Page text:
I’m happy to report that, as I survey the current hip-hop landscape, I see arguably less horrible, terrible, no-good rap littering the Hot 100 than I’ve seen in several years. Even the worst of what’s around – your French Montana, your Future, your 2 Chainz, your A$AP Rocky – aren’t THAT bad. And I definitely don’t like Flo Rida or Pitbull, but I can see how they’re the natural evolution of Nelly and the club/R&B rap scene and I don’t bear them any ill will.
But there are exceptions. There are definitely rappers out there who are making pretty redundant, inferior or otherwise objectionable music. And if you’re listening to these artists, you’re in luck: I have the second installment of the Rapper Replacement Program right here to help you rectify your music listening inadequacies.
Replace Big Sean …
If you haven’t disqualified him for referring to himself repeatedly on tracks as “B.I.G.” which is as close to blasphemy as you can get in rap, if you haven’t disqualified him for being Drake Lite, if you haven’t disqualified him for consistently being the most redundant piece of whatever track he features on, maybe I can’t convince you why Big Sean should be replaced in your music listening rotation. I don’t know why anyone needs more rappers with adenoidal voices doing two-bar “punchlines” over glorified R&B basslines, but if punchlines are your thing, I have something a little better in mind.
Wale has a better flow than previously Replaced Rapper Drake and “Medium” Sean put together, a more interesting voice, generally better beat selection and better storytelling ability. Given that Wale has been putting out mixtapes and grabbing interest from rap magazines and bloggers at least as long as Sean has been, Sean’s existence as a popular rapper is 100 percent redundant and unneeded. He might be up to 200 percent redundant depending on your feelings about Drake. This is about as straightforward a replacement as they come.
Replace Nicki Minaj …
I think she’s gorgeous, but she can’t rap. Well, OK, she CAN rap sometimes, but it seems she’s made a conscious decision not to, as evidenced in songs like “Starships” where she does a kind of nu-Nelly sing-song rap thing over EDM tracks. And given that she’s sold a bunch of records and landed a gig on “American Idol” doing this, why would she bother refocusing on her rap game? I don’t blame her for going the route she’s going, but that doesn’t make her any easier to listen to.
So all that said, the only reason I can think of for someone to listen to Nicki Minaj’s music is to dance, to butt-dance in the driver’s seat of a car, that kind of thing. It’s certainly not because it’s cerebral music and it’s certainly not because of the lyrics. So why not just listen to some tracks by a producer who’s making some of the best hip-hop/EDM fusion music in the world right now, and don’t bother with the lyrics? You can grab Araabmuzik’s whole “Electronic Dream 2” mixtape for free and see what I mean.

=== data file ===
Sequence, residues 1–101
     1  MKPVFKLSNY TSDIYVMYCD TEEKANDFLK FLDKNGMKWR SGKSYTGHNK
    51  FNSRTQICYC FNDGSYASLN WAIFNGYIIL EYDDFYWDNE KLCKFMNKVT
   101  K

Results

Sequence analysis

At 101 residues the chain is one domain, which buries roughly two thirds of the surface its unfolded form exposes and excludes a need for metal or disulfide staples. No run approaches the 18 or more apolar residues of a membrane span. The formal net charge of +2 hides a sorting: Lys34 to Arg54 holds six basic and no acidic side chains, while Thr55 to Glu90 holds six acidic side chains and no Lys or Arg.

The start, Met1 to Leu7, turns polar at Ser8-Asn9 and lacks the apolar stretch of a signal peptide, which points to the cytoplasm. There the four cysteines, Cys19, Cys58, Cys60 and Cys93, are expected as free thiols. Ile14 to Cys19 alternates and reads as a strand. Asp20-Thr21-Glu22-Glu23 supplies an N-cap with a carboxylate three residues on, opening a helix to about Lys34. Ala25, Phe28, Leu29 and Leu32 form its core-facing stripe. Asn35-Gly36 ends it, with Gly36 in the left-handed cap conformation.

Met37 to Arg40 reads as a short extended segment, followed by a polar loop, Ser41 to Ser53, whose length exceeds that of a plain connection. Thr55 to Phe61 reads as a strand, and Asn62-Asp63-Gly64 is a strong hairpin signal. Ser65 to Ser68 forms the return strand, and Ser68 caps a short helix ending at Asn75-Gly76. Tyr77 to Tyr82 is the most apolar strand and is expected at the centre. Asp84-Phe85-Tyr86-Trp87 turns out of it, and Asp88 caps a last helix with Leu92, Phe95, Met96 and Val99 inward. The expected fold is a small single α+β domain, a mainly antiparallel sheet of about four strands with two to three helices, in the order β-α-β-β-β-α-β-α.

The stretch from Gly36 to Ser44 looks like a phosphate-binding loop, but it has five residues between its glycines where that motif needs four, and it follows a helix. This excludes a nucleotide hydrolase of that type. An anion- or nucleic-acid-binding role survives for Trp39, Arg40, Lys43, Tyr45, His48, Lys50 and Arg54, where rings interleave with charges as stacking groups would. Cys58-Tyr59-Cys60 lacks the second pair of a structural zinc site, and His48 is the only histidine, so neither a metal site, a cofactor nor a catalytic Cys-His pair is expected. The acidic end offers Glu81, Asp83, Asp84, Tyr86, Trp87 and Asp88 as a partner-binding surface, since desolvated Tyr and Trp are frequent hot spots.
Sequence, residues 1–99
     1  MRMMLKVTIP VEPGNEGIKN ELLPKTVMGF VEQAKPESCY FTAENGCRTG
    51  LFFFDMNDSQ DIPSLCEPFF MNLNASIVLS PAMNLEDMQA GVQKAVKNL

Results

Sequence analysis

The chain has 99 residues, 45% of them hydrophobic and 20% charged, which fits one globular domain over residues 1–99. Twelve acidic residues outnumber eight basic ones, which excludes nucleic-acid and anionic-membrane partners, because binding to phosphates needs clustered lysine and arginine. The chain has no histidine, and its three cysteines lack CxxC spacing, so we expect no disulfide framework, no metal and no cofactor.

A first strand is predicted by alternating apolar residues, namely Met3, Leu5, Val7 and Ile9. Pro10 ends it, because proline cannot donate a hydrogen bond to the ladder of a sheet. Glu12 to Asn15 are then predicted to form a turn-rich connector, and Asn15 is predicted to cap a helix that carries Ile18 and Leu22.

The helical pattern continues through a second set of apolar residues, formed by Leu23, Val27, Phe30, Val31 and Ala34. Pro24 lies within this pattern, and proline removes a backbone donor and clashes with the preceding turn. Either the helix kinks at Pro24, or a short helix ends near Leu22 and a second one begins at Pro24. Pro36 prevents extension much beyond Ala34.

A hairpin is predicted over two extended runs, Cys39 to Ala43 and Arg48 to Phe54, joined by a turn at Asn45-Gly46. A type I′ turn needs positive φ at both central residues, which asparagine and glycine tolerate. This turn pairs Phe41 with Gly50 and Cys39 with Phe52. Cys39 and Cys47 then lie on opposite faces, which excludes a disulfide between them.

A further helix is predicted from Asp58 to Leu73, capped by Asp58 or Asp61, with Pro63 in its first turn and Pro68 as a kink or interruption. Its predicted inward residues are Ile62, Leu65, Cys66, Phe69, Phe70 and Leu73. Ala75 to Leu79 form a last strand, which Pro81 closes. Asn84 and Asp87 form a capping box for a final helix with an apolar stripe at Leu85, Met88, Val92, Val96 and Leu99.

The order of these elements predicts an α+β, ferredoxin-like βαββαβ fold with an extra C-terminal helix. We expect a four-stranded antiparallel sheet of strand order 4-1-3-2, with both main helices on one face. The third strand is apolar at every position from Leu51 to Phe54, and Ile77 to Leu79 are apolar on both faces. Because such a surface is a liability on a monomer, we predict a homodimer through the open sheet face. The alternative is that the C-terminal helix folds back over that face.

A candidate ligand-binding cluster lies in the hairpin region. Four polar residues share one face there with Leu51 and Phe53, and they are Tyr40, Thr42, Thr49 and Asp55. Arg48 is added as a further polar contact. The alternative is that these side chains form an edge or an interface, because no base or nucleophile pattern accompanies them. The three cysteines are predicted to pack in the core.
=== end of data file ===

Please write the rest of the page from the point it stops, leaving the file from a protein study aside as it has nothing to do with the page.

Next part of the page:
Replace Chief Keef …
Sometimes rappers have a problem with authenticity, as in Rick Ross’s case, where he raps about being a drug kingpin, when in reality he was a guard at a correctional facility. But sometimes it goes the other way, when someone lives such a violent, repugnant, ignorant life that his violent, repugnant, ignorant raps are unseemly, too close for comfort. And it doesn’t help when the songs themselves are bad. The rap game’s youngest malcontent, Chief Keef, who got famous advocating Chicago kids shoot cops (and each other) on a record, is not a good rapper. Yes, the beat for “I Don’t Like” is nice, in a simplistic way, but god almighty my friend’s 2-year-old son could rap faster, rhyme better and write nicer than this kid. How exactly did big rap names like Kanye West decide Keef is worth any time or attention? He’s the opposite of a skilled rapper, plus he’s a unreliable two-bit thug. Doesn’t seem like a very attractive combo to me.
With Joey Bada$$
On the other hand, if you’re looking for a super young, super talented rapper with great storytelling ability to hang your hat on, why not Brooklyn’s Joey Bada$$? And really his whole high-school-aged Pro Era crew is stocked with young dudes ranging from decent to nice. And in “Unorthodox” you have Joey working with hip-hop legend DJ Premier on a certified CLASSIC track.